Some common terms for this contempt: navel gazing, thumb sucker. (Infantalism, narcissism.) The term “hot takes” participates in this. Hot takes are a joke, the lowest possible form, a professional embarrassment, because “these swift, provocative, and socially shareable reaction posts” are at the furthest remove from shoe leather reporting and often parasitic upon it, as bloggers were said to be parasitic back when it was important to say they weren’t journalists.

As a source of virtue in journalism shoe leather has such high status that it’s hard to generate respect for other skills and disciplines, even when they deserve it. We see this especially with news anchors in broadcast journalism. They’re always emphasizing that, though they have an important-sounding title — “anchor” of the program, or even managing editor — they are really just reporters at heart. (Dan Rather after he retired. “I’m just a reporter who got lucky.”) Being an anchor can make you rich, famous and vital to the company’s bottom line, but it cannot make you virtuous as a journalist. Thus:

“He was always a wire service reporter in his heart,” said Sanford Socolow, a former executive producer for Mr. Cronkite. “He always lived by the wire service adage,” which he described as “Get it first, but get it right.”

Last week John Dickerson was named the new anchor for CBS’s Sunday talk show, Face the Nation. Here’s how CBS News announced it:

“John is first and foremost a reporter–and that’s what he’ll be as anchor of Face the Nation,” said CBS News President David Rhodes. “His work in the studio will always be informed by what he’s learned in Iowa, in New Hampshire, on Capitol Hill–anywhere there’s news. He has earned the respect of newsmakers across the political spectrum. With all our correspondents John will present comprehensive coverage on all our platforms.”

See what I mean? You don’t say of your new anchor, “He will be a great anchor!” You don’t even refer to any skills he will need in that role. You describe him as a great reporter, because that’s what a good anchor really is, anyway. It was the potency of this myth that got Brian Williams into such trouble in 2015. He tried to jack up his boots-on-the-ground reporting cred to win the admiration he craved. But he got caught.

It’s true that reading news off the teleprompter is not much of a talent. But that’s not true of anchoring live coverage when big news breaks. And it’s not true of interviewing powerful people on live TV. These are demanding disciplines. They are deeply journalistic. As Tina Brown once wrote in the Washington Post: “When Peter Jennings is anchoring a breaking news story for ABC, he’s a human hyperlink to the world, seemingly able to absorb and process information through the cheeks of his behind.”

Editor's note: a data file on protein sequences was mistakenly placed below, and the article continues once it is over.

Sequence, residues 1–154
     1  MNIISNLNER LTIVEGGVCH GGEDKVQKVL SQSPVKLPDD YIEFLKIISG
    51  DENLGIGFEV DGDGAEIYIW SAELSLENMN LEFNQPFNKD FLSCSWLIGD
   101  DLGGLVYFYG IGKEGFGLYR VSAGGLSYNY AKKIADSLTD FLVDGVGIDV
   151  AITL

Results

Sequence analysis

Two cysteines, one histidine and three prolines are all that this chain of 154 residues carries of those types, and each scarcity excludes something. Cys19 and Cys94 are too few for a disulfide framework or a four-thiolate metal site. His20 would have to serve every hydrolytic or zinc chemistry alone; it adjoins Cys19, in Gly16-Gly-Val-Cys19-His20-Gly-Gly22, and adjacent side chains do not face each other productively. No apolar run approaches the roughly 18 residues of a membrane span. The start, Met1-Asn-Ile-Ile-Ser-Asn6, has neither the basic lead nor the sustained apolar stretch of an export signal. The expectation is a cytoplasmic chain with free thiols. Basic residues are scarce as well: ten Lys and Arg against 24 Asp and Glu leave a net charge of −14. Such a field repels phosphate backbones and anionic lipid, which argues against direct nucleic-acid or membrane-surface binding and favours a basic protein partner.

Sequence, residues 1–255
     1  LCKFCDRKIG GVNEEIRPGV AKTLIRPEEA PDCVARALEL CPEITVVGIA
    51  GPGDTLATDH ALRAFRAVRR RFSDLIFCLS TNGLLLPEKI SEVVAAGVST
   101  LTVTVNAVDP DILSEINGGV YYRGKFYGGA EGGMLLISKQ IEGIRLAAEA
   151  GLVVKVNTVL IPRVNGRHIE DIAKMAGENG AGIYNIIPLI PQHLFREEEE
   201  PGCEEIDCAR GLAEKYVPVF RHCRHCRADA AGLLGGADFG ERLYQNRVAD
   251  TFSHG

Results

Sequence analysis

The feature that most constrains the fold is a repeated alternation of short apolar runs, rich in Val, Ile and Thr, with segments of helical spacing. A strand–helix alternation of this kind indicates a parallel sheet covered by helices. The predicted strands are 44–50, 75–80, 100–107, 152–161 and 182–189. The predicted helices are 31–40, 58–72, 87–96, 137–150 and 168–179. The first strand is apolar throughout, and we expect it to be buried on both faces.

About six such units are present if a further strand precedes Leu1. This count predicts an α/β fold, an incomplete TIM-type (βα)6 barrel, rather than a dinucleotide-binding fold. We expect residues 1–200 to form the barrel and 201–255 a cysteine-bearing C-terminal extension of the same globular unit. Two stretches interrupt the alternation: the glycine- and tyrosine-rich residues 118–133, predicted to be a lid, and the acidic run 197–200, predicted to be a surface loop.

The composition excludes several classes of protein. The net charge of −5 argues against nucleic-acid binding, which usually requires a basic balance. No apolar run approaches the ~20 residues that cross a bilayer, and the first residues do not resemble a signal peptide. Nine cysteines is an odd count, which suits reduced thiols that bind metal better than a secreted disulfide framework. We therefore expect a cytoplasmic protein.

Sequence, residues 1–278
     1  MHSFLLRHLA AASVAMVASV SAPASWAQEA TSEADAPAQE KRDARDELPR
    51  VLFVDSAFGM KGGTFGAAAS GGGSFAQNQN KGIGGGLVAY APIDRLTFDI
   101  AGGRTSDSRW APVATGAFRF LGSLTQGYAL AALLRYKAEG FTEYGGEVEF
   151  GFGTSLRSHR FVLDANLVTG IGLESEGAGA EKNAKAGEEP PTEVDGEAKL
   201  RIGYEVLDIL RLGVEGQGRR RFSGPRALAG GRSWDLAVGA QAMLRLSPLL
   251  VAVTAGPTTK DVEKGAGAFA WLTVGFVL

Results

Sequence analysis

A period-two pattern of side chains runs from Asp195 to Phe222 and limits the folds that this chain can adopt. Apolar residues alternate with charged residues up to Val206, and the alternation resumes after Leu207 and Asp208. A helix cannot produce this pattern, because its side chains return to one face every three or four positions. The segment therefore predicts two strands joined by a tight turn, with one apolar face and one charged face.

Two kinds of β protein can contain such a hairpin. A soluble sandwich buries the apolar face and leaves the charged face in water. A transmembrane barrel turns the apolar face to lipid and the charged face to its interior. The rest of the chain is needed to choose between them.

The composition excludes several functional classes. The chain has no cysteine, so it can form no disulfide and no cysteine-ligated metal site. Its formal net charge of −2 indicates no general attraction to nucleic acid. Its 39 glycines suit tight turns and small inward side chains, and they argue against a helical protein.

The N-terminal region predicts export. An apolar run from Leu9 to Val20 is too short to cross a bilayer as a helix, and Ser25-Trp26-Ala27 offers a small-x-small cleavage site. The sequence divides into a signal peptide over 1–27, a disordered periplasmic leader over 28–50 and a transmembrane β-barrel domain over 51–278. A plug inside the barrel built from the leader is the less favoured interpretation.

Of all things journalists do, on-the-ground reporting is, I think, the most important. I would not quarrel with that. It fully deserves the esteem in which it is held. “Want respect? Break some big stories” is very sound advice. However, it is not true that a single virtue creates value in journalism. Efficiency creates value too. Contributions from elsewhere — synthesizing known facts, explaining complex issues, putting dots together, reviewing, fact checking, writing about the public world beautifully, anchoring a live broadcast, asking questions that are of moment — are just as basic to good journalism as good old fashioned shoe leather reporting.

What these forms lack in mystique they make up for in simple utility.

After Matter: Notes, Reactions & Links

Steve Buttry responds to this post with some detailed testimony from his career as a reporter and editor. He shows that shoe leather reporting was sometimes crucial to getting the story and sometimes other methods succeeded where “shoe leather” would not have. He writes:

Nearly all the best stories of my career came in whole or part because I was out of the office, interviewing people face-to-face, digging through courthouse records, seeing disaster damage myself, showing empathy in a way that persuaded people to trust me with their intimate stories, seeing important details in the setting where the story took place.

I believe in the importance of shoe leather.

But I also know that shoe leather is just one of many paths to a good story.

Read the rest. It’s valuable.

Journalism scholar Chris Anderson:

That screen works dominates in practice could be the reason why shoe leather dominates in mythology.

From the Pulitzer Prize nominations:

Screen Shot 2015-04-20 at 4.28.01 PM

Photo credit: Roger H. Goun. Creative Commons license.


Christopher Krug says:

I find the history of rewrite desk and its relationship with reporting’s evolution helpful when thinking through the romance with reporting. Gelb’s City Room provides insight about this. What’s your take on the rewrite desk’s relationship with reporting? Is it coming back? Seems that at a time in U.S. journalism rewrite desk skills were more esteemed than reporting skills.

The rewrite desk was a way to split the reporting and writing parts of the production, when deadlines demanded it (no time to get back to the office) or when the final story had to come from several reporters because it unfolded on several fronts.